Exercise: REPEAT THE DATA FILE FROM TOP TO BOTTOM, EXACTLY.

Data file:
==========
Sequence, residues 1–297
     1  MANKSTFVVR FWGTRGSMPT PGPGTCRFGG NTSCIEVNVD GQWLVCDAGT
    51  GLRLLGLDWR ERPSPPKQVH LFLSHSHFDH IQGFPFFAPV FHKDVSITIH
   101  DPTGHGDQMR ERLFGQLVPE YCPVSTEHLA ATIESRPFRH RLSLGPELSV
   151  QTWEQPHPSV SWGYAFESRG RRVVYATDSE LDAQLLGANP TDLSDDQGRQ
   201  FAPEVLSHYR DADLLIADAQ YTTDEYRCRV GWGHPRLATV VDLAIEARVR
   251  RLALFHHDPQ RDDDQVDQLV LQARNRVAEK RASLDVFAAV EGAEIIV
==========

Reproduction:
Sequence, residues 1–297
     1  MANKSTFVVR FWGTRGSMPT PGPGTCRFGG NTSCIEVNVD GQWLVCDAGT
    51  GLRLLGLDWR ERPSPPKQVH LFLSHSHFDH IQGFPFFAPV FHKDVSITIH
   101  DPTGHGDQMR ERLFGQLVPE YCPVSTEHLA ATIESRPFRH RLSLGPELSV
   151  QTWEQPHPSV SWGYAFESRG RRVVYATDSE LDAQLLGANP TDLSDDQGRQ
   201  FAPEVLSHYR DADLLIADAQ YTTDEYRCRV GWGHPRLATV VDLAIEARVR
   251  RLALFHHDPQ RDDDQVDQLV LQARNRVAEK RASLDVFAAV EGAEIIV